top of page

Worried About Paying Your Workers? Consider the Paycheck Protection Program

Updated: Nov 5, 2020

By Sarah Everhart

Image of foal at University of Maryland Campus Farm. Photo Credit Edwin Remsberg

This article is not a substitute for legal advice. See here for the site’s reposting policy.

Due to the COVID-19 pandemic, many business owners are concerned about not being able to continue to pay their employees. The recently passed Coronavirus Aid, Relief, and Economic Security Act (CARES) contains a forgivable loan program meant to provide employers the financial assistance they need to retain their workforce entitled the Paycheck Protection Program (the Program). Starting tomorrow, April 3, 2020, small businesses and sole proprietorships can apply for and receive loans to cover their payroll and other certain expenses through existing SBA lenders. Independent contractors and self-employed individuals can apply starting on April 10, 2020.

The Program authorizes up to $349 billion in forgivable loans to small businesses. Any business with fewer than 500 employees, including 501 (c3) nonprofit organizations, are eligible for a loan equal to two-and-a-half times their average monthly payroll costs measured over the 12 months preceding the loan origination date. No collateral or personal guarantees are required. Neither the government nor lenders will charge the applicant any fees.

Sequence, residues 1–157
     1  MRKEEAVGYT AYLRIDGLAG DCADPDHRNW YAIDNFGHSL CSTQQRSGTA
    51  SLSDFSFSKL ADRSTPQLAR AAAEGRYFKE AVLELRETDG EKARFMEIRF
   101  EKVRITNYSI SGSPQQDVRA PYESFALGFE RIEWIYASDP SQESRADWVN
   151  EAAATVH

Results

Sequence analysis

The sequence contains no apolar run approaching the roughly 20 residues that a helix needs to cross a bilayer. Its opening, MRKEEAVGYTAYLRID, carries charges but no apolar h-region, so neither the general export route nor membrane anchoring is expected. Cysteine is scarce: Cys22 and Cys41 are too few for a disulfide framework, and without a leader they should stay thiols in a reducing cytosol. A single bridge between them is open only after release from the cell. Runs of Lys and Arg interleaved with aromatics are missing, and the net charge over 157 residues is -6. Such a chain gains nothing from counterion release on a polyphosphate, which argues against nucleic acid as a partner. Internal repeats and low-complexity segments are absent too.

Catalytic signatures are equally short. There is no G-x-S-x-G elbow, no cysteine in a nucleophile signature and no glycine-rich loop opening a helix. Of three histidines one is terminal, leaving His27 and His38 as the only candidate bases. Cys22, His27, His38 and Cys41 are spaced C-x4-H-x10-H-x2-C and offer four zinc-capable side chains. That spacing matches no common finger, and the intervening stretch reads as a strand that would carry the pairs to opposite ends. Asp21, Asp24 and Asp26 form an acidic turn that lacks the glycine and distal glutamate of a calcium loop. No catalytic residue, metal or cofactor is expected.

The Small Business Administration (SBA) will forgive loans if all employees are kept on the payroll for eight weeks and the money is used for payroll, rent, mortgage interest, or utilities. If the employer is unable to keep all of the employees on the payroll, the amount of loan that will be forgiven will be reduced proportionally by the reduction in the number of employees. There is a provision, however, that allows employers to avoid this reduction if they rehire the same number of full-time employees by June 30, 2020. The amount forgiven may also be impacted by a significant reduction in the amount of compensation provided to an employee from February 15, 2020 to June 30, 2020. This reduction may also be avoided by curing the reduction in salary by June 30, 2020.

Businesses can apply through any existing SBA lender or through any federally-insured depository institution, federally-insured credit union, and Farm Credit System institution that is participating. Other regulated lenders will be available to make these loans once they are approved and enrolled in the program. Consult with your local lender as to whether it is participating or visit the SBA website for a list of SBA lenders. To apply, applicants will need to complete the Program loan application and provide payroll documentation.

Interested applicants are encouraged to apply as soon as possible. For more information about the Program, check out this fact sheet.

10 views0 comments


bottom of page